I checked into the Jersey City Hyatt just across from the majestic Manhattan skyline and the eastern seaboard’s most heavily polluted river, the Hudson. It’s a place I’ve been to hundreds and hundreds of times, yet for some reason had never seen a view quite like this. The entire lead up to check in had a distinct feel of ProgPower USA. For one, Milton booked the show. Secondly, the same crowd that would have flown into Atlanta, GA and filled Center Stage every September were all flying into New York City to see Avantasia. Thirdly, members of Avantasia have either played in bands that performed at ProgPower USA or are in other bands that are likely candidates for future performances at the premiere U.S. festival. The feeling was like family and it was overwhelming and it showed. Scheduled meetings of PPUSA regulars were planned in bars near the venue and for a 24 hour period, it seemed as though Center Stage was transplanted north.
Back at the hotel, after a long while since members of the band scattered to points unknown in the city – they all seemed to return and converge at the bar at about 1:30am. I was able to have candid and extremely interesting conversations with Tobi Sammet, Ronnie Atkins, Oliver Hartmann, Herbie Langhans, Sascha Paeth and Jorn Lande. Already the whole experience was on par with the best ones in my life and the show hadn’t even started yet.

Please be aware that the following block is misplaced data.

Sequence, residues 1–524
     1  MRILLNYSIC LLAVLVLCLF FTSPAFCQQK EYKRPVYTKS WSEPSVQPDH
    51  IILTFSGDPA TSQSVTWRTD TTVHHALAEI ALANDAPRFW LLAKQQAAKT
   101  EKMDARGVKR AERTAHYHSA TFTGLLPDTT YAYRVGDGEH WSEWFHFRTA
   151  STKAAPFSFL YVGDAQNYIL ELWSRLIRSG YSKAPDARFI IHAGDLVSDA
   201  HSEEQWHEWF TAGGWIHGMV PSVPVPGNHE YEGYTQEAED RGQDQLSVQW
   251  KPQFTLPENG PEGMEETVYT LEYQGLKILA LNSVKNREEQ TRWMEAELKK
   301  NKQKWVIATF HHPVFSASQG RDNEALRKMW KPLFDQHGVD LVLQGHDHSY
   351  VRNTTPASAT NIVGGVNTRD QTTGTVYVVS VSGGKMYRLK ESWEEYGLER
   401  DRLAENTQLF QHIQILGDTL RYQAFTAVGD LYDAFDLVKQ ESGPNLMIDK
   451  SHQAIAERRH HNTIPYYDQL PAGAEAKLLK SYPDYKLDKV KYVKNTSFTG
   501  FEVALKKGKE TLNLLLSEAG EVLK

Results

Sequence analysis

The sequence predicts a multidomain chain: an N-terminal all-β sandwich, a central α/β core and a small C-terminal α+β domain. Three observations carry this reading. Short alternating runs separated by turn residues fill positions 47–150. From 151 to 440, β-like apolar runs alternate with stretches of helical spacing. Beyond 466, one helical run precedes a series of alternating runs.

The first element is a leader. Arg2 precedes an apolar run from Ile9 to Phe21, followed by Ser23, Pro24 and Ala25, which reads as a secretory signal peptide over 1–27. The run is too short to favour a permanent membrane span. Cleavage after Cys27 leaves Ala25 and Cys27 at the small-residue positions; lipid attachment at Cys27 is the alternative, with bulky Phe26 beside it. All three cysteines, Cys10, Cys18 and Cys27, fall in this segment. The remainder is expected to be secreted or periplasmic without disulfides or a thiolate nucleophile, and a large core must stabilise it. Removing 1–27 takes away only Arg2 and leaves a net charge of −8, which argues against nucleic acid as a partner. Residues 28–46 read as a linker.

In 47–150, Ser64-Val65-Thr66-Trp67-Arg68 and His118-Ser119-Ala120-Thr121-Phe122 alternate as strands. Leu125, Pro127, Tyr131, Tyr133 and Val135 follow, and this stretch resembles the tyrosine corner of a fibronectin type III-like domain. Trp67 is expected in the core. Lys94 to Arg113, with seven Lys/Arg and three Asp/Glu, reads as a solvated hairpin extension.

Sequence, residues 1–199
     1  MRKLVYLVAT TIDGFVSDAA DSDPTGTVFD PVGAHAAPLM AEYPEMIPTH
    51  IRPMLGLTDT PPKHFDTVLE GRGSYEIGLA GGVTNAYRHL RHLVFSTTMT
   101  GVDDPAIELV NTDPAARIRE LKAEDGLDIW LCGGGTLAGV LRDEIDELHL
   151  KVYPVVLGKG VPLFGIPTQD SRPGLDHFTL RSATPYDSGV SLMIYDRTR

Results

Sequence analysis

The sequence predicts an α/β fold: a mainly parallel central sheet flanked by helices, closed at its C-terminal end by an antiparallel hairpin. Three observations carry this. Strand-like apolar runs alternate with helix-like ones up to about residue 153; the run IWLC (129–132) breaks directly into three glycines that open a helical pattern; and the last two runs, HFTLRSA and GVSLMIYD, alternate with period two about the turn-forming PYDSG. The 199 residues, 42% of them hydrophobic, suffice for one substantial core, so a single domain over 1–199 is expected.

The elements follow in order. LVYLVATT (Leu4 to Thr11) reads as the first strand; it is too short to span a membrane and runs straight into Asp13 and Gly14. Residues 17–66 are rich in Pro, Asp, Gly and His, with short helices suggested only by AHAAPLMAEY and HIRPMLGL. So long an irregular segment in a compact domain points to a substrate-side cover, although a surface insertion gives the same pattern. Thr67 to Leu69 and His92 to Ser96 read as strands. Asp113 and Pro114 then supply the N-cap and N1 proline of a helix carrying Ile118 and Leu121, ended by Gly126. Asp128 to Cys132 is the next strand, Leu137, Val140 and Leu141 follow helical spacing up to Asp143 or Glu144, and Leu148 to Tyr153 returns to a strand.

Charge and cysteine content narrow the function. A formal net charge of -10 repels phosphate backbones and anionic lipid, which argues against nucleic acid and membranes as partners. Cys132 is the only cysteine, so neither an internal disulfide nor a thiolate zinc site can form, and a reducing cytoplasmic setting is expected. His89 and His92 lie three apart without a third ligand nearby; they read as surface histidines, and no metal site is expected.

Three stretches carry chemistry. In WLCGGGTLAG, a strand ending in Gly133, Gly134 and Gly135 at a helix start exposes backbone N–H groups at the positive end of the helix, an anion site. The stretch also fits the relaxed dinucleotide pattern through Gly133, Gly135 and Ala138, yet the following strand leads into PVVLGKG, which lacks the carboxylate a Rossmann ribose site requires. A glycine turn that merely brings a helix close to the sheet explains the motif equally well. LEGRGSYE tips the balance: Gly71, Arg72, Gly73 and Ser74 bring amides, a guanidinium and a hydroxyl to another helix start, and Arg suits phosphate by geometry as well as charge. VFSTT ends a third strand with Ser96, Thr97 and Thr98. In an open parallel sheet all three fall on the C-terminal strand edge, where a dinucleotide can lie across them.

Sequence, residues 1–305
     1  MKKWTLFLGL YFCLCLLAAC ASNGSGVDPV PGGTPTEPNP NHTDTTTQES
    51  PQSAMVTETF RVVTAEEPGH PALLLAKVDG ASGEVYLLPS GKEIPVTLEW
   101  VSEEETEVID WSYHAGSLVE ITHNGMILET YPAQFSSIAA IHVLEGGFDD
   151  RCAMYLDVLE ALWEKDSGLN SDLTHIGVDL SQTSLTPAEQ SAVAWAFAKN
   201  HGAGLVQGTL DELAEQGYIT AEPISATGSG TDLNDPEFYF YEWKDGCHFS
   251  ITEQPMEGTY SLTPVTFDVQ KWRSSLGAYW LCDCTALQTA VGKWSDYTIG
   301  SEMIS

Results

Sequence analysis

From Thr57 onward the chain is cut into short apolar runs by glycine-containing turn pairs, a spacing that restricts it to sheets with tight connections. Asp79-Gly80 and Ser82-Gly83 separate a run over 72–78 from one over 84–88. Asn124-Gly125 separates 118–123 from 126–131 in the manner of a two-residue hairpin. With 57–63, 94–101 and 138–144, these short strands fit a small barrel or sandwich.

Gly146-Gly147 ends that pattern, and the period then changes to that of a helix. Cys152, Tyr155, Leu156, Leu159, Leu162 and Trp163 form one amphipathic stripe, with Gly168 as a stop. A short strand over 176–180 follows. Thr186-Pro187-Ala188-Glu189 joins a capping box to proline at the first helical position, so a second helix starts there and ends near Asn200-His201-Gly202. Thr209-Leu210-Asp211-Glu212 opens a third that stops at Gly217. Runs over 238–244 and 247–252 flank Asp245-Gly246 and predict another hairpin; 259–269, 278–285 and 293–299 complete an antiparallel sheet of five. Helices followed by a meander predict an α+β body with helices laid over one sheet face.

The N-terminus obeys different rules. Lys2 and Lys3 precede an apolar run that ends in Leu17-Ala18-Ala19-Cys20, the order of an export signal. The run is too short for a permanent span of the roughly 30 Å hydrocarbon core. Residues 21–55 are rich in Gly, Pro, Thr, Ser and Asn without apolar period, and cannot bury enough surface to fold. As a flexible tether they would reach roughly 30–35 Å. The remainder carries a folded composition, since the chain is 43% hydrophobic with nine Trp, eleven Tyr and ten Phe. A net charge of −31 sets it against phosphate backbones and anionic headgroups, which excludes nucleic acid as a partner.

Avantasia was set to perform at the PlayStation Theater (formerly the Best Buy Theater) for 3.5 hours. It was the very first performance in New York City and only the second on U.S. soil (the band stopped in Anaheim the Monday before this show and then over to Toronto). As it turned out, the New York City crowd was the most attended of the three in North America and the loudest.
When I arrived in the pit of crowded photographers, the excitement was palpable. I recognized most of the lucky people who were up along the barrier and we stuck up conversations about Avantasia and the promotion leading up to the show. I was hoping that walk up ticket sales made up for what I thought was a sure fire sell out. As it turns out – they did. The show was a success on all fronts.
You cannot blame a band for feeling a little down from going through a string of 15-18 sell out shows to start a tour – in places that held 1500-2500 fans – to ones that drew about 600-700. Branding and exposure aside, there are plenty of fans in the United States, but the distance proved a little too much for many. In New York City – we topped out at around 1200 fans, but we sounded like 12,000 fans and it showed. I didn’t have to put words to the excitement on Tobi Sammet’s face – my camera did that. Needless to say, by the end of the night – we had convinced Avantasia that a return was not only required, but necessary. At one point, Tobi said: “Now don’t take this the wrong way, but I cannot believe that this is a North American audience.”